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Thread: OS fingerprinting based on TCP/IP and DHCP traffic

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    OS fingerprinting based on TCP/IP and DHCP traffic

    Every operating system's TCP/IP stack has its own set of default values and extensions. Furthermore, a vendor ID string is sent when acquiring a network address via DHCP (option 60), and the padding and option layout on discovery packets make detection of a particular system possible even if said string is modified. Thus, it is possible to identify which OS a device is running merely by analyzing the above mentioned details. The following links, as well as looking for "OS fingerprinting" on your favorite search engine, provide more information, and means to (at least partially) shield yourself against this.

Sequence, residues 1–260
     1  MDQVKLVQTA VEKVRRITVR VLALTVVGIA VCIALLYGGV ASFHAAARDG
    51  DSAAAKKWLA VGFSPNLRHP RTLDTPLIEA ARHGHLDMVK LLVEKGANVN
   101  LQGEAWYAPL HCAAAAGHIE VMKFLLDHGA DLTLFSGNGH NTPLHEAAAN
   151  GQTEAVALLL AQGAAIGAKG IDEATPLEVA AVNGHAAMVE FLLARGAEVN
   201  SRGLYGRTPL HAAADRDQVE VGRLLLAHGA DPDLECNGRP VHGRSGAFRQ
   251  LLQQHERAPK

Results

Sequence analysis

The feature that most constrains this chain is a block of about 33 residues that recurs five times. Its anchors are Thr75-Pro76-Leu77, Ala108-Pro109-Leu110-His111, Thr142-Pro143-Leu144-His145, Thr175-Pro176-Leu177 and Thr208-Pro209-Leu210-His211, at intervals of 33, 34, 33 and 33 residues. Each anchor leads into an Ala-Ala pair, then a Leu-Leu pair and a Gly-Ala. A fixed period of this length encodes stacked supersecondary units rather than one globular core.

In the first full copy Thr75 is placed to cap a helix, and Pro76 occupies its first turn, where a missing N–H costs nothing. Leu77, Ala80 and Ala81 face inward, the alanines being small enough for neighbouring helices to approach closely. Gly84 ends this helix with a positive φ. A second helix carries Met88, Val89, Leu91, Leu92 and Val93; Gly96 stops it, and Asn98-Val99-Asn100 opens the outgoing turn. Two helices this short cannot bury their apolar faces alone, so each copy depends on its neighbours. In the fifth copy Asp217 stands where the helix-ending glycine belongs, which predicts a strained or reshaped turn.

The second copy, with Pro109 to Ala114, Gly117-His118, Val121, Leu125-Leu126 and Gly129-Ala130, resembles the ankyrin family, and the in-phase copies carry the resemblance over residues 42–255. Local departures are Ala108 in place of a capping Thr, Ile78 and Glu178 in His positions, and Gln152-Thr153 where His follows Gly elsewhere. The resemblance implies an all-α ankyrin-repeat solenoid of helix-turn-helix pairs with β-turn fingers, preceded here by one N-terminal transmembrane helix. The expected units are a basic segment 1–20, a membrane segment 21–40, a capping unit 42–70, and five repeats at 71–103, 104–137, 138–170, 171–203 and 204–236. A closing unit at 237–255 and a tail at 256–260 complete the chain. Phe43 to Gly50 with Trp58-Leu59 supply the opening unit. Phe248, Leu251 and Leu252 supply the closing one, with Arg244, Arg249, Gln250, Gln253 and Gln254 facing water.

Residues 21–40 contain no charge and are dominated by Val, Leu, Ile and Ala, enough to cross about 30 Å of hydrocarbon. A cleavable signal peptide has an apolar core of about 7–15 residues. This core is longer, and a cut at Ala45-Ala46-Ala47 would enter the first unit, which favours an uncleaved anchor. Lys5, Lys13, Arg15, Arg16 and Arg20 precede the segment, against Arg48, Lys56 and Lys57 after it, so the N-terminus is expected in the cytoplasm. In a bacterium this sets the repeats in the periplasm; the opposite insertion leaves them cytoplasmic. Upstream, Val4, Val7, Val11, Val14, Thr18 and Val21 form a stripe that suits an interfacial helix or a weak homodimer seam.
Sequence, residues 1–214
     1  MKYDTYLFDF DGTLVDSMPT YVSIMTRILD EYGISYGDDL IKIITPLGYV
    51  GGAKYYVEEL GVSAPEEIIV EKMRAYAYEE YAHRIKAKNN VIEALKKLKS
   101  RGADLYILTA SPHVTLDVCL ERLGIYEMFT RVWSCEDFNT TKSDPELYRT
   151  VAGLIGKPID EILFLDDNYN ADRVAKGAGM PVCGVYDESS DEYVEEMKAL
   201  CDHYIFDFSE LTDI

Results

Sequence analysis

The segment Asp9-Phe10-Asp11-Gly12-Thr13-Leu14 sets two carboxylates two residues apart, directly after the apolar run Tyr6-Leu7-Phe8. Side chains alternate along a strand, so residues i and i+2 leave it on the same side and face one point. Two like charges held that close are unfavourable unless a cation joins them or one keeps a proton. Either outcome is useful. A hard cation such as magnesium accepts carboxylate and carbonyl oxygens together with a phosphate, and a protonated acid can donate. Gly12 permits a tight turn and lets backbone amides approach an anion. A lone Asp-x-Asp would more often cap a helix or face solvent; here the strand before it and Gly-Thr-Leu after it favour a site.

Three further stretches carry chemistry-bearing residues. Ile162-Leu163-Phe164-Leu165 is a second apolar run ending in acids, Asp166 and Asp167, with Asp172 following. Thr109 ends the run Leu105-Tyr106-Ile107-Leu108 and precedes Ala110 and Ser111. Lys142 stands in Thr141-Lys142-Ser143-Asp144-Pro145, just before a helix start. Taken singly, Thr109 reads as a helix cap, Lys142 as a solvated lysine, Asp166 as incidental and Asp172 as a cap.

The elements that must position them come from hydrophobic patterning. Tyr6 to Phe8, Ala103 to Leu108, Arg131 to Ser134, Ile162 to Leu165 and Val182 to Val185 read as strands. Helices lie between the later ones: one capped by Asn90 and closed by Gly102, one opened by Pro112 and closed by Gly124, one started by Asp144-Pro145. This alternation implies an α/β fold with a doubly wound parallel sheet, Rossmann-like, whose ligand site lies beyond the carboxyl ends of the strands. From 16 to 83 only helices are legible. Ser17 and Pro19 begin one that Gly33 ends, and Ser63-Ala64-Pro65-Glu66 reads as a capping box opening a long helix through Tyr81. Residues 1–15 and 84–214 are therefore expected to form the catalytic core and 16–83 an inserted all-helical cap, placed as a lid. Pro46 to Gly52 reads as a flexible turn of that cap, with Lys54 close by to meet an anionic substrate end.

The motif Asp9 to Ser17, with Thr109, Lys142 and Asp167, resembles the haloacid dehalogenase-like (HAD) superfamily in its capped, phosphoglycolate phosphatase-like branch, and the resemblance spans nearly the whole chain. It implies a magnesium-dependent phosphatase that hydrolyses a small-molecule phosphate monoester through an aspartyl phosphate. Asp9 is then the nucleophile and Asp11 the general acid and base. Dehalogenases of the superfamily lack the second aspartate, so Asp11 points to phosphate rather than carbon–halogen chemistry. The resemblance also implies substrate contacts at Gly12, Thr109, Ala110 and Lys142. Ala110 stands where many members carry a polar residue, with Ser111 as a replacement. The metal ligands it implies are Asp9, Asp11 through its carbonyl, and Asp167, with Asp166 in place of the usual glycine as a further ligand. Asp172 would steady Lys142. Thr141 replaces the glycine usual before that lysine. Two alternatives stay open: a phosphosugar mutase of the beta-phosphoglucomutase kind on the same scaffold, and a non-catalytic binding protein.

TCP/IP stack fingerprinting - Wikipedia, the free encyclopedia
    fingerbank: Learn More
    OSfuscate: Change your Windows OS TCP/IP Fingerprint to confuse P0f, NetworkMiner, Ettercap, Nmap and other OS detection tools
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    saebrtooth (08.11.15)

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    Two things I've learned since making this thread.
    • Under Windows, the registry key HKLM\SYSTEM\CurrentControlSet\services\Dhcp\Parame ters\Options allows you to define options that are sent in the DHCP discover packet. However, options 12 (hostname) and 60 (class identifier) cannot be set or overriden in this manner.
    • If you edit the value of "Hostname" and "NV Hostname" under HKLM\SYSTEM\CurrentControlSet\services\Dhcp\Parame ters\Options and restart the Dhcp service, it will use the new one for option 12 without having to actually change the computer name or reboot. However, I don't know which other side effects this may have.
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